The 2014 FIFA World Cup is now down to only four teams, three previous multiple winners and one a three-time bridesmaid of you could call the Netherlands the Buffalo Bills of futbol, as the matches and individual performances have taken on more aspects of American Football: smashmouth tactics, the creation of mistakes and subsequent capitalization, and beside that, theatrical intimidation.

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Tomorrow (7/8) we will see hosts Brazil take on Germany. Yes, Neymar is no longer with us for this tournament; whisked away by whirlybird to his hometown after a confirmed diagnosis of a cracked vertebra caused by a back-barge from Colombian midfielder Camilo Zuñiga, unfortunately a karmic climax to a match in which Brazilian thugs Fernandinho and Ramires practiced hack-a-‘Hamez’ (Colombian forward James Rodriguez) for most of the match, sadly a successful strategy in which the Spanish referee Carlos Velasco Carballo was fearful of producing a card of punishment, and Brazil thus advanced 2-1. Meanwhile, blitzkriegs were unnecessary as Germany enjoyed a cakewalk over a French side whose challenge was exposed as mostly illusion (Germany would carry their success over into the Tour de France where they would also enjoy and early lead for Marcel Kittel). Now Brazil faces an altered moment of truth: will they capitulate now that they have the excuse that comes with the loss of their built-up star, or will they bond and respond as a team, and achieve a memorable victory over a German side that is rather impressive but also still rather faceless. Can Fred come to the fore? Will Hulk get angry? This game will only be the second time these nations have faced each other, although the other was the 2002 Final in Korea/Japan, which was comfortably won by Brazil led by Ronaldo and his proto-‘bruh?’ haircut.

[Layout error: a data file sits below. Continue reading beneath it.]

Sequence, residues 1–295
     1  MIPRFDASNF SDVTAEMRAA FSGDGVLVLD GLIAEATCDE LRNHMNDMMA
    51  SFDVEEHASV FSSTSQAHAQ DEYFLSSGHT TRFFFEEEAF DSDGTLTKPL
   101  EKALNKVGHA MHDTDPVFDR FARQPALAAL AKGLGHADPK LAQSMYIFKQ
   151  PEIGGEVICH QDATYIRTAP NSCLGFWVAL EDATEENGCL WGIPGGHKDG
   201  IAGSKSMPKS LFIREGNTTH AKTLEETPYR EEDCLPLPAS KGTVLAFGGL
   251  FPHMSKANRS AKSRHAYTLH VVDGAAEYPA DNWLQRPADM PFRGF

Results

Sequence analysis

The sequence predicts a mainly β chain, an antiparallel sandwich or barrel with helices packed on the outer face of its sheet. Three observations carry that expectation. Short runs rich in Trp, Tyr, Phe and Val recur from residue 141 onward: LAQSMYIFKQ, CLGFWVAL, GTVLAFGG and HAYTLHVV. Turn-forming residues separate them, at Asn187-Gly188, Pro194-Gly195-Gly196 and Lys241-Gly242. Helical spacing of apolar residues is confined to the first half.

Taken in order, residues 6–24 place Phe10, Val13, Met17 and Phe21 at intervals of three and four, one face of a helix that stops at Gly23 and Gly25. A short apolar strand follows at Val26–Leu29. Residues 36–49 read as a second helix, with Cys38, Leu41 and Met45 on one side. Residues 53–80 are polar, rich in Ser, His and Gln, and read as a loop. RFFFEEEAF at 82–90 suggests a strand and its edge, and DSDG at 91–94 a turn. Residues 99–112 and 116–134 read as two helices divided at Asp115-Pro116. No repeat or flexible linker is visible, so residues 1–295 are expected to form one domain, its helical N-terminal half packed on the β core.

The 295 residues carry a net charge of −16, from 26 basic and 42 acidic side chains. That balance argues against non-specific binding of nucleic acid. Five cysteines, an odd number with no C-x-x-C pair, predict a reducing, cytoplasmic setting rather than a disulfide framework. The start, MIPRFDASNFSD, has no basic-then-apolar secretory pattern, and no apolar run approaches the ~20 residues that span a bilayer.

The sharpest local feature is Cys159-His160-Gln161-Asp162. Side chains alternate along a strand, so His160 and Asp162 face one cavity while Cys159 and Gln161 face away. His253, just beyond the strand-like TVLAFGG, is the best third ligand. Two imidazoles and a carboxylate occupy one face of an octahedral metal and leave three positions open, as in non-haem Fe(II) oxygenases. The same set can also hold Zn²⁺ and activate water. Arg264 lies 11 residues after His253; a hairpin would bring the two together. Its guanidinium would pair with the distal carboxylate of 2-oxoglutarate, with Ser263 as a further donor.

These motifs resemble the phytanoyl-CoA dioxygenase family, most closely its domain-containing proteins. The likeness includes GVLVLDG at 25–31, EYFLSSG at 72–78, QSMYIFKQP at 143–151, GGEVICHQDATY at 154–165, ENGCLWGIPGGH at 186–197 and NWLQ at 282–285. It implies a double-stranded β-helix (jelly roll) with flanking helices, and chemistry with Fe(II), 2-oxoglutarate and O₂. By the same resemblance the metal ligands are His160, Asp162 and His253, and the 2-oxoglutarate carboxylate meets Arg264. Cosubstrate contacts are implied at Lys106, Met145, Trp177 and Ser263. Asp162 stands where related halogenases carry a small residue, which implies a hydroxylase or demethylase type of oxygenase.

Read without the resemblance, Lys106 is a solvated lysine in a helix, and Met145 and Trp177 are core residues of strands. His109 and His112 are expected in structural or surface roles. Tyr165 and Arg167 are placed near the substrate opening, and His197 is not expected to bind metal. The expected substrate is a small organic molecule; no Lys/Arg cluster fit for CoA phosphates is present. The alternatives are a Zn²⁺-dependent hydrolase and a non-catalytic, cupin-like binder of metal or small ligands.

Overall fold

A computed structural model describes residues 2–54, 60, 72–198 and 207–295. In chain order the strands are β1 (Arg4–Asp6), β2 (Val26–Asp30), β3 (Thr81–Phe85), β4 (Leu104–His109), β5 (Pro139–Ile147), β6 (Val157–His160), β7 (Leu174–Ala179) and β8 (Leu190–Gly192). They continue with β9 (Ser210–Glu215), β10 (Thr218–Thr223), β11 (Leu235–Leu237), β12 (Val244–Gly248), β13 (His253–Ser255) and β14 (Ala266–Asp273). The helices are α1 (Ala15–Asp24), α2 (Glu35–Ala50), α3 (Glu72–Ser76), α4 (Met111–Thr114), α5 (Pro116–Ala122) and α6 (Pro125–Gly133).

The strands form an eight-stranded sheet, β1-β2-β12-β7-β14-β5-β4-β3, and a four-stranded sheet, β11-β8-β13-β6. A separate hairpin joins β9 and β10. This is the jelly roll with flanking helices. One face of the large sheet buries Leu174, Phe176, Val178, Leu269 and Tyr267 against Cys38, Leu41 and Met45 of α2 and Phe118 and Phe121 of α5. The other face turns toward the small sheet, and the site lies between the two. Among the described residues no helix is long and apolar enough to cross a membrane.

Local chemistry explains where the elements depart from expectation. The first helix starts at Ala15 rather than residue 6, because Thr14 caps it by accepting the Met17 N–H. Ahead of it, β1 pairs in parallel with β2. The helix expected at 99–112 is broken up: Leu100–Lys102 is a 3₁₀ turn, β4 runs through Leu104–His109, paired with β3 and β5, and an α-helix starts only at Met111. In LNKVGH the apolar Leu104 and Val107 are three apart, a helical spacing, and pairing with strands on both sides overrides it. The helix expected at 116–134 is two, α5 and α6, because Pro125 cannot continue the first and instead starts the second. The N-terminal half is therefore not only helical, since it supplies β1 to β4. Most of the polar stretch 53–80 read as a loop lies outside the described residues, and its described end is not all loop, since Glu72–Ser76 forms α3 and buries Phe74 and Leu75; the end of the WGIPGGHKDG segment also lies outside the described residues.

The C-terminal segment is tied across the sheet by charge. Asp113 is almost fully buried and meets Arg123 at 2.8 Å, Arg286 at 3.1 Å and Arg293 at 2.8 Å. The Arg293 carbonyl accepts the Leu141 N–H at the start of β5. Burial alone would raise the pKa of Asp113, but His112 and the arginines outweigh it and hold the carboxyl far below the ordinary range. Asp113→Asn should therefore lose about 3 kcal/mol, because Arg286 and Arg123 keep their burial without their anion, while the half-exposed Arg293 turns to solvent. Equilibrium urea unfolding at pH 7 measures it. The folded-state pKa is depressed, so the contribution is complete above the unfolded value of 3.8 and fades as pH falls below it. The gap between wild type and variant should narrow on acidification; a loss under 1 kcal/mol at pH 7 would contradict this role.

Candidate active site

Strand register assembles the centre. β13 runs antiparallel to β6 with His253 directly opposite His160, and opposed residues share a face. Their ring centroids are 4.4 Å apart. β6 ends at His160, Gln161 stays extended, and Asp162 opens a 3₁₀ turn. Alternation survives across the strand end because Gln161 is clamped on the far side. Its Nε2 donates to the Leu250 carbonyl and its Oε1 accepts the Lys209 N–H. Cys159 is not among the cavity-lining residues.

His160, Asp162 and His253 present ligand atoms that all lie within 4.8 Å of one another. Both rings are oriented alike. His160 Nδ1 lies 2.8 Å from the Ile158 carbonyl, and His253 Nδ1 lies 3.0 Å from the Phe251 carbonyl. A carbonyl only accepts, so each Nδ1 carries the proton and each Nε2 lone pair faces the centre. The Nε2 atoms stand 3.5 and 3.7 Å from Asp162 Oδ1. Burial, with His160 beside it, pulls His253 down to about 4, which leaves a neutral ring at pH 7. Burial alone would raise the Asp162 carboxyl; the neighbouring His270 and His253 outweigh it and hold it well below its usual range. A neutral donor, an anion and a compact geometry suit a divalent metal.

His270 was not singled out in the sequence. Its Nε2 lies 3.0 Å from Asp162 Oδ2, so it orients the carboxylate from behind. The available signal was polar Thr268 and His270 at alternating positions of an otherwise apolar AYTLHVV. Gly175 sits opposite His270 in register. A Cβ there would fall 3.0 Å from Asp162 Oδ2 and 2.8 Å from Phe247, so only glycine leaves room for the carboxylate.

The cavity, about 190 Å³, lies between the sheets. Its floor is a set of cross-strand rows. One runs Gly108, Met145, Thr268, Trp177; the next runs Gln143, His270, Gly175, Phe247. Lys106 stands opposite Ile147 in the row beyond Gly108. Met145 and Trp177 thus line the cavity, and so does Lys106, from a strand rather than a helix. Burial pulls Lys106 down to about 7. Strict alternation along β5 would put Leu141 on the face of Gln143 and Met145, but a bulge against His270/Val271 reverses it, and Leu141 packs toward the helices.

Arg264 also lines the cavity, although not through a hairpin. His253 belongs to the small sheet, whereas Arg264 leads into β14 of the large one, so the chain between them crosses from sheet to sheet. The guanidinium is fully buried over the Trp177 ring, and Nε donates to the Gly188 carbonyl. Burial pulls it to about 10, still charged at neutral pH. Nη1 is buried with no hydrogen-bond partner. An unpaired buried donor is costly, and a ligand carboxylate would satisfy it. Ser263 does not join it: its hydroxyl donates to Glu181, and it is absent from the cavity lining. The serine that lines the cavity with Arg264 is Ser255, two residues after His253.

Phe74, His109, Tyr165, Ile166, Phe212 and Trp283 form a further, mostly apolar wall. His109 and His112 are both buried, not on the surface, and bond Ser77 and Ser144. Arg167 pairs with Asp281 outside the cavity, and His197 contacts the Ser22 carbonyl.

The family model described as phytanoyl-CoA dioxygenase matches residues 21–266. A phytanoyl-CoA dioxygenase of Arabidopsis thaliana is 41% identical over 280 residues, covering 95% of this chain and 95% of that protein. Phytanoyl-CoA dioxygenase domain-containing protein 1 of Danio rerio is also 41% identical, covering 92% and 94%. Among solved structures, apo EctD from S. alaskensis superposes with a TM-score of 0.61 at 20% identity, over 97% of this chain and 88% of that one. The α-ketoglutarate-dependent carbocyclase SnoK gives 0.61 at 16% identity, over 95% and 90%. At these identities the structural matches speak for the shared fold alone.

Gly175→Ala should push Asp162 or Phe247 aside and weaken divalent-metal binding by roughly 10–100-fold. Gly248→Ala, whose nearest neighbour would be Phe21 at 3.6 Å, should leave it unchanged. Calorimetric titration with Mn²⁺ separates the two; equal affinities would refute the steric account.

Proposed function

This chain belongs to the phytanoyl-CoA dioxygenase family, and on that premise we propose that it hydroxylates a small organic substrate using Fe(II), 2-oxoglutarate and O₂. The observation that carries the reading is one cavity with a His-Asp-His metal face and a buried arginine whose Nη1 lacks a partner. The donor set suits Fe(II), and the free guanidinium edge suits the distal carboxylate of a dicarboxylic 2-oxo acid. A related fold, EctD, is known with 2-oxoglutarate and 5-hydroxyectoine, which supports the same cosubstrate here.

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The next day we have Argentina, the other side of the dream final that is still in play, through after Belgium star Hazard did not present himself, and the rest of the Red Devils could not find an extra gear to respond after a fortunate early bounce for Argentina led to an impressive goal for Gonzalo Higuain, the match’s only tally. Lionel Messi was mostly contained on the day, but will this be the same case against The Netherlands, who showed much attacking menace but no finishing luck, and came within inches and a novelty move from being eliminated by pre-tournament 4000-1 shot Costa Rica, who did CONCACAF proud. This semifinal will be a replay of the 1978 Final, held in the dark days of the dictatorship in Buenos Aires, as well as the 1998 Quarterfinal in France won by the Netherlands with what many consider the greatest World Cup goal ever, by Dennis Bergkamp.

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Whomever the winners of either of this pair of games, the hope is that play will open up one last time. The defensive-minded hacking in the quarters round is threatening to destroy the ‘greatest-ever’ impetus that has had this tournament breaking viewing records in America and world-wide.

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